This boy had been in foster care for over a year, with the resources to support the foster family and give this boy some of the dignity and worth that is due every human. Instead, we packed everything he owned into trash bags. I was furious. We got to my office and spent a couple of hours folding and sorting
his clothes into brand new suitcases that had been donated to my organization. Before we started, I gave him the choice of helping me or doing something else. This little boy sat with me and organized his clothing to be packed into his new bags. I watched the emotions and disbelief when I explained that the bags were his to keep, no matter where he lived. Years later I have the honor of knowing that he will never again be forced to pack his life into a trash bag. He, like every other human I have met, is worth more than that.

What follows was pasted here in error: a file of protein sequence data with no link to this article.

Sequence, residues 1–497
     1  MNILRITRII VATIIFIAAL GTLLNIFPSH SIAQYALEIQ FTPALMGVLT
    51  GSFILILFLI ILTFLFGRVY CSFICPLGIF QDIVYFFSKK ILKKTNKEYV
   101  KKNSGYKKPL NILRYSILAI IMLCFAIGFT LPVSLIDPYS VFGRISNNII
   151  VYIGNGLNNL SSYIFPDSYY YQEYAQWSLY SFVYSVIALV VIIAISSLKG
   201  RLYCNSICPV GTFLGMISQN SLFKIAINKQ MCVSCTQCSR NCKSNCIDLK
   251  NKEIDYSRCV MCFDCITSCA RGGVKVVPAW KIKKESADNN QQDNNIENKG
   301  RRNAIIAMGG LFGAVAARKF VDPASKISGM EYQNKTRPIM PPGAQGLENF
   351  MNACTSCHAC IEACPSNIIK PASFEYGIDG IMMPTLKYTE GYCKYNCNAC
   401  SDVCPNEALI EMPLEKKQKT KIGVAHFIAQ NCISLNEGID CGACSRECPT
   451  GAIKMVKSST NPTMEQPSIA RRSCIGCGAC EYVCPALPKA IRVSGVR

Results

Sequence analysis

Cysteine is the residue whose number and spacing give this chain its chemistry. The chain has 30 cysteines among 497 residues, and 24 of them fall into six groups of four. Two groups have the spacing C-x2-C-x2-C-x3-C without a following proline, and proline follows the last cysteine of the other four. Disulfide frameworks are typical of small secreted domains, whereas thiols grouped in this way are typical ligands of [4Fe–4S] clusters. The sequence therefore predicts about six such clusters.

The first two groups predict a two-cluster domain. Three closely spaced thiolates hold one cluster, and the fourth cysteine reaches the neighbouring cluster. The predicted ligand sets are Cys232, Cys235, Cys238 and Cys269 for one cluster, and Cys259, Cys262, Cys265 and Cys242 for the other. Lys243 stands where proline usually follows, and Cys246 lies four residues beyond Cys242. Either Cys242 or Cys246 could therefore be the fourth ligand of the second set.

If you’re still reading at this point, this is what I want you to know: The impact of the “small” things is indescribable. Little actions matter. The messages we send through our action (or inaction) have a lasting impact on the people around us. Foster care can be a world that takes away the dignity and worth of the people impacted by it, but there is a chance to change the stigma. No child (or adult)
should be without the resources to have a backpack, duffle bag, or suitcase. Something that most people might not ever think about has such a great reach in the lives of the most vulnerable part of our population. It’s important to know what is happening in our community, in our very own neighborhoods. I know without a doubt that I will never take advantage of the fact that I personally own
different bags that I can pack my life into when needed. But I also hope to live in a world where no child is ever forced to tote their life around in a trash bag, because they are worth so much more.